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Mr Turner intended to start on his expedition to the Tutoko Mountains early in the year, but he was forced to wait for Mount Cook to get into climbing condition, and consequently he was somewhat late in reaching Fiordland. The Tutoko Mountains are situated about 10 miles from Milford Sound, and two attempts had previously been made to reach the summit. Mr Turner succeeded in reaching within a short distance of the summit, and hopes to return next year and complete the task. He will endeavour to secure the services of two surveyors, with a view to preparing a more detailed map of the district. Mr Turner considered New Zealand one of the most wonderful scenic countries in the world, and with increased shipping and quicker transit it could soon be made a very profitable tourist country, which would bring great wealth to the dominion.
Maori workshop at Bowentown
An interesting discovery was made at the Maori workshop at Bowentown last week by Messrs R. W. Bell and S. M. Hovell, of Waihi, (says the New Zealand Herald). Westerly gales had moved the sand and exposed a portion of this ancient workshop.
A further investigation was then made, with the result that an almost complete set of stone and bone implements associated with Maori work was found embedded in the sand. Ultimately about 200 stone adzes, gouges, anvils, and hammers, together with a number of pieces of moa and whalebone implements and greenstone articles, were unearthed. The curator of the Auckland Museum, Mr T. F. Cheeseman, who had already visited the recently discovered workshop, says that the articles will prove a valuable adjunct to the museum which it has been proposed to erect in the Auckland Domain.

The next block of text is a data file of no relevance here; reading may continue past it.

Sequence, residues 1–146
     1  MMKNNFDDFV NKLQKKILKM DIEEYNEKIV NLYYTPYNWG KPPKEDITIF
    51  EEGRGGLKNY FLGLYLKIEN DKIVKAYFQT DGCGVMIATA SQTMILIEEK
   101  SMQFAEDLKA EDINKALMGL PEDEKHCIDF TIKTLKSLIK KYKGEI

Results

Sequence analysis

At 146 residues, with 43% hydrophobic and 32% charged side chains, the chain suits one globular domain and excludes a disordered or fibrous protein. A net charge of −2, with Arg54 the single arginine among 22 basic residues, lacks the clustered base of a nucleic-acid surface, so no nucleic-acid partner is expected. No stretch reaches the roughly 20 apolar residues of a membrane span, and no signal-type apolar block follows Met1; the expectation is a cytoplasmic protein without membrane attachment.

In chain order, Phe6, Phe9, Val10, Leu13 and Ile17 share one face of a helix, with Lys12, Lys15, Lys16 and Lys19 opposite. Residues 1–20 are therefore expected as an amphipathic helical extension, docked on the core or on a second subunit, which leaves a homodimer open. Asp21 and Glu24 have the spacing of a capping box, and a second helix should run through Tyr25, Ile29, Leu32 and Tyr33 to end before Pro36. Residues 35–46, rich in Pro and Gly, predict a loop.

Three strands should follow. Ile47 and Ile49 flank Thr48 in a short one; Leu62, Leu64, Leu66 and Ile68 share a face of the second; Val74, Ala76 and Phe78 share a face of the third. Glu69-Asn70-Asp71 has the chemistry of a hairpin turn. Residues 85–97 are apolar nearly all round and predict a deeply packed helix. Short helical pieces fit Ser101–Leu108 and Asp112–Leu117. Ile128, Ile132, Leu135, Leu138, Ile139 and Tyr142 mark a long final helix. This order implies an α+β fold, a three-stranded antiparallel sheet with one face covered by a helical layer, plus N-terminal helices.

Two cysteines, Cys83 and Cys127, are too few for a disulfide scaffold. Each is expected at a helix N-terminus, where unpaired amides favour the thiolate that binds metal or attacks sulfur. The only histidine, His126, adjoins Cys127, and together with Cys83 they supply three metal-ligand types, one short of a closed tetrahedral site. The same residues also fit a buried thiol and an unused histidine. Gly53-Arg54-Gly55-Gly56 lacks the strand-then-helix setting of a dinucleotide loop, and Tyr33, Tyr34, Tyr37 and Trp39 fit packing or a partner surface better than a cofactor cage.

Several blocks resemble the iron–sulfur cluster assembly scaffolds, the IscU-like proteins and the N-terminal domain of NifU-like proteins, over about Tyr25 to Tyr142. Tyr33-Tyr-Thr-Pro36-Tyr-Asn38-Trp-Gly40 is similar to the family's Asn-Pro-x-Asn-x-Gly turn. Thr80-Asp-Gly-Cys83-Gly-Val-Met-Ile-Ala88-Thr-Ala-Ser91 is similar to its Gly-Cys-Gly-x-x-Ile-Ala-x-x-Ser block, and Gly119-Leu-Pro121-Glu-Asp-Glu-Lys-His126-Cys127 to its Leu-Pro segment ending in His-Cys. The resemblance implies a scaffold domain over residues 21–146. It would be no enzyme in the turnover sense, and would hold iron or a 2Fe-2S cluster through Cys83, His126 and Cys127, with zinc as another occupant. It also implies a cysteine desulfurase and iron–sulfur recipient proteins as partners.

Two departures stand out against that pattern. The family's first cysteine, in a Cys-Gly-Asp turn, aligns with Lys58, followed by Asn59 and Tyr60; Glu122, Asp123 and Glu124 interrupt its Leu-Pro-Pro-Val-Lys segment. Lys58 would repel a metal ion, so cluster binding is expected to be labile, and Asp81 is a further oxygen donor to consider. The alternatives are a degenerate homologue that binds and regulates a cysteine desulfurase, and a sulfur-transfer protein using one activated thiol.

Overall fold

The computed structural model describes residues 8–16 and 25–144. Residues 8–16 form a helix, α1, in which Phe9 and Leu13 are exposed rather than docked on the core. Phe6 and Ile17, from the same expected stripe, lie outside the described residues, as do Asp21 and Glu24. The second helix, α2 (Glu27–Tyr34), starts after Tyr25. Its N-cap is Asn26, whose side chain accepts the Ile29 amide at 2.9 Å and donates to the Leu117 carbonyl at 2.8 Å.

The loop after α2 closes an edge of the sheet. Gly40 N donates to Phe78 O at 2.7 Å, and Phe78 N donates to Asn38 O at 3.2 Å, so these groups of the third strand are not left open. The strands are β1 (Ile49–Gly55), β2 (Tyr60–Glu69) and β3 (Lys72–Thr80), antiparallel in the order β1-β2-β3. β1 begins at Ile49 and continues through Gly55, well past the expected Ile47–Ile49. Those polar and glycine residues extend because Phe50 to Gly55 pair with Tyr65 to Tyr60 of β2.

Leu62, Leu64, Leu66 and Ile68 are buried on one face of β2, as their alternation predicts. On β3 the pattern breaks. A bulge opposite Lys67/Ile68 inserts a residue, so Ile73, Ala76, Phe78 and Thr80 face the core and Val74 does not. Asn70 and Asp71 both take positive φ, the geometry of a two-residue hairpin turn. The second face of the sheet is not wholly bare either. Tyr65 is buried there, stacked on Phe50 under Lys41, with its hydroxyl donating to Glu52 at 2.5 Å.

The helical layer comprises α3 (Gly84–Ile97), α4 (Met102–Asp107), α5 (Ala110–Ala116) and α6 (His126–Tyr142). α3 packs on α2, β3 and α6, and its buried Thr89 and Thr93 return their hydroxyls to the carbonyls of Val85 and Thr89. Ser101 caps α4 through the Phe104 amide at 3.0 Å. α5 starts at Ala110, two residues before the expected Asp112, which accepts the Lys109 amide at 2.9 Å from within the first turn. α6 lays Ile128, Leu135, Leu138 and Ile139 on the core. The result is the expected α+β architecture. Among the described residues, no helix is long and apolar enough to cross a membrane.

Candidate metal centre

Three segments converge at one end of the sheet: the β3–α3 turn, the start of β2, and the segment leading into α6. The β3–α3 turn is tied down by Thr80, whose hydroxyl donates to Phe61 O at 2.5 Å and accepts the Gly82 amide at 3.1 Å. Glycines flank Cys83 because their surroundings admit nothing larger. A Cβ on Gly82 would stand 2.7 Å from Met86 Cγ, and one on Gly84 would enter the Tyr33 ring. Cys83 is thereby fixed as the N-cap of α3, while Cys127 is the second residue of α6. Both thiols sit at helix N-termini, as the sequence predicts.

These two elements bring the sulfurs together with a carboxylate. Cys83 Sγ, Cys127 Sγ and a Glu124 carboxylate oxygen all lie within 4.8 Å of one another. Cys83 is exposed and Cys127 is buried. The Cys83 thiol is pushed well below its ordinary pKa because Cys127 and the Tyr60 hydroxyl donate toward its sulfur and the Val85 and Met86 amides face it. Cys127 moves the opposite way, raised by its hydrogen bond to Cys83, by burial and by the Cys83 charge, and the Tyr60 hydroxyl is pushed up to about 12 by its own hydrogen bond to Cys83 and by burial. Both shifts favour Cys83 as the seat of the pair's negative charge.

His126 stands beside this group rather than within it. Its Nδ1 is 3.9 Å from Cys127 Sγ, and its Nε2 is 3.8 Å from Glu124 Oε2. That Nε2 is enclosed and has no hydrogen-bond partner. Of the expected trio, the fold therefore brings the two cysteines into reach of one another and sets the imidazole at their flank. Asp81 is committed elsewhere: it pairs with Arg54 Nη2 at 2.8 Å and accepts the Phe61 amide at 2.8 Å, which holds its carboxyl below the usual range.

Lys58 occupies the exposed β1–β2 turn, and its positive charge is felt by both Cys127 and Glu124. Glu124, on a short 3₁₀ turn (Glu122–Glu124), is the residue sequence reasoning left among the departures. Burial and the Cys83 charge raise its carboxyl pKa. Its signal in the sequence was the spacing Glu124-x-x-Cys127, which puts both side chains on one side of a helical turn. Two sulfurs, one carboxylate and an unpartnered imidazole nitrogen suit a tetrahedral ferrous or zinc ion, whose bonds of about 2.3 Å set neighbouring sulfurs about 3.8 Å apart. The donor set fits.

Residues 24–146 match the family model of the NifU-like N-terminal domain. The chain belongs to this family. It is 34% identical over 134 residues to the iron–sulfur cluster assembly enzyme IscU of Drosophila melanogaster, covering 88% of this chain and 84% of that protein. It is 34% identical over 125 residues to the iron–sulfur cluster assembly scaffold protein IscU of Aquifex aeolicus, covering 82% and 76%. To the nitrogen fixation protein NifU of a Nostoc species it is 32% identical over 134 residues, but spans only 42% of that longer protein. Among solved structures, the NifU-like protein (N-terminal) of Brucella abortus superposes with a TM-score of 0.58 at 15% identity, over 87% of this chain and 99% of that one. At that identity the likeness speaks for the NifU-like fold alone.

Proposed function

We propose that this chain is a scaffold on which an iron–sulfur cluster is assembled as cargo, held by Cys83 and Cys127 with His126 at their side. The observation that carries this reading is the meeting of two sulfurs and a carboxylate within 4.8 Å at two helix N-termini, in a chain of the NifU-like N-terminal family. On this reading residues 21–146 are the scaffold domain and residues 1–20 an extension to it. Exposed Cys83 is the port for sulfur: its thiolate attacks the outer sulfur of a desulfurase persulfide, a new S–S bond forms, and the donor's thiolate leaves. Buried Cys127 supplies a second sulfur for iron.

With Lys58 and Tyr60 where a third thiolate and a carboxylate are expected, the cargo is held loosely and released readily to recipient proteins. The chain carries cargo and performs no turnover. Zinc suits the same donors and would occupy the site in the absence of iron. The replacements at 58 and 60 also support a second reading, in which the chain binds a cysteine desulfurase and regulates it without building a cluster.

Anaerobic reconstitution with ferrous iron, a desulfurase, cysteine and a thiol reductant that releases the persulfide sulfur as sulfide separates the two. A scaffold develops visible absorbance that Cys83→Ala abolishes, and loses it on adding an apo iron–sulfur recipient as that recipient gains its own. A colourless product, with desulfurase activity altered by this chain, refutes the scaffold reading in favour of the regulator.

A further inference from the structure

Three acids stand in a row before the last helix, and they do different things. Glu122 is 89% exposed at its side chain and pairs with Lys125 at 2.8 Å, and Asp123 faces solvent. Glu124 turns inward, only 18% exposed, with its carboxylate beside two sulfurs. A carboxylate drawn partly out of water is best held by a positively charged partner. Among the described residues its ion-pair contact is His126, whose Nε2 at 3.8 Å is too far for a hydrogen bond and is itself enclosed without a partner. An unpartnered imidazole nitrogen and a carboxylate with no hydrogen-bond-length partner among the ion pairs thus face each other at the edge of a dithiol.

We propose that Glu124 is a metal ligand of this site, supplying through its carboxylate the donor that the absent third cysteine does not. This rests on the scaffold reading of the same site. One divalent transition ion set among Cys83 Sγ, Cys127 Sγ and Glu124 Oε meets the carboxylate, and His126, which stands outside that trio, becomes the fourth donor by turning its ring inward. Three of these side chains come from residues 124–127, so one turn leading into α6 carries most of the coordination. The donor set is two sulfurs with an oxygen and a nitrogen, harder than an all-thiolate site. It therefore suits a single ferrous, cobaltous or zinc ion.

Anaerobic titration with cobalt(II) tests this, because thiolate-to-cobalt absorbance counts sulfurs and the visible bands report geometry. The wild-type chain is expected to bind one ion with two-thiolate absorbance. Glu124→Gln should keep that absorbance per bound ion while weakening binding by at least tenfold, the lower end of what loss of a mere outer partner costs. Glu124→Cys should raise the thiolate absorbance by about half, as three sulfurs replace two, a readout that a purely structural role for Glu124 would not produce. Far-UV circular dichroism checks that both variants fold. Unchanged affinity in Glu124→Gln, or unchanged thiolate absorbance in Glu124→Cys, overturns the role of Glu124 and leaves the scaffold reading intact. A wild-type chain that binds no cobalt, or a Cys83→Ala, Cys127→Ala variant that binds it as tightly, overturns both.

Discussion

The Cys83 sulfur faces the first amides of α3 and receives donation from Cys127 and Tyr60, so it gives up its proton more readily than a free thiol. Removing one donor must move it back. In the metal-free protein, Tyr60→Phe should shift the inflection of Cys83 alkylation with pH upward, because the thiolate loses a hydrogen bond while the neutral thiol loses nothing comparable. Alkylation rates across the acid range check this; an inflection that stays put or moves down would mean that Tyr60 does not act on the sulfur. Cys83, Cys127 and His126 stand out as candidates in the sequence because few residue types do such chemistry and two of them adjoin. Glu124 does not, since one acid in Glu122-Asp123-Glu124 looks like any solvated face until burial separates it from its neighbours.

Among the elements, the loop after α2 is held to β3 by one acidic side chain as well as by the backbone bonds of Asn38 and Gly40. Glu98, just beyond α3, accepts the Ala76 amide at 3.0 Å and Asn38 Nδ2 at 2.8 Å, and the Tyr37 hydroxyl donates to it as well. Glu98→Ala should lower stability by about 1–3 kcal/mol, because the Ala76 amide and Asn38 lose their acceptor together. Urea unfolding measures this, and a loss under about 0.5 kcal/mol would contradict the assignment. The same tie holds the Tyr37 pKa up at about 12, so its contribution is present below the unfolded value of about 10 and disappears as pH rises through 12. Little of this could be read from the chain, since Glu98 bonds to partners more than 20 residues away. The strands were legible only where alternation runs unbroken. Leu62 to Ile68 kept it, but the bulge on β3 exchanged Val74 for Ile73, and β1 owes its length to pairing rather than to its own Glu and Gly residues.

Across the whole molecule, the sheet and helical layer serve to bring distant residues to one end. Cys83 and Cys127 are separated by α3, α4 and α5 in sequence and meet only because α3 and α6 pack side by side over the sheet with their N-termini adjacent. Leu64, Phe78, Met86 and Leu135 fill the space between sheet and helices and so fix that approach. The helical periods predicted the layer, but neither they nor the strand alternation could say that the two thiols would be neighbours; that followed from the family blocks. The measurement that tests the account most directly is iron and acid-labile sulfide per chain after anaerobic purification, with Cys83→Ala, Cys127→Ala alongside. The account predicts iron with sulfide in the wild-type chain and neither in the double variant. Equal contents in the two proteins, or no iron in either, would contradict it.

Rabbit board to be formed
The best-attended meeting in the district for a considerable time was held in the County Council Chambers, Palmerston, last Saturday, when a number of farmers met to consider what steps should be taken to deal with the rabbit pest, which is getting worse and worse in the district. Mr T. H. Pilbrow, who presided, read a letter from the Agricultural Department regretting that no representative could be present and expressing sympathy with the movement. The Blue Mountain Riding was well represented, and a resolution was carried that the district, with the consent of the ratepayers, should be formed into a rabbit board area. The other ridings in the county are expected to fall into line with Blue Mountain.
Jam theft arrests
Constables Irwin and Joyce arrested five of the crew of the steamer Hororata at Lyttleton on Tuesday for the alleged theft of five cases of jam. The jam was placed on board the steamers at Port Chalmers, and was packed in cases, each containing 1cwt. It was missed on the voyage to Lyttleton, and on arrival at the port Captain Hatchwell reported the matter to the police, who searched the ship, and found most of the jam in the crew's quarters. Each accused was fined $10. - ODT, 19.4.1919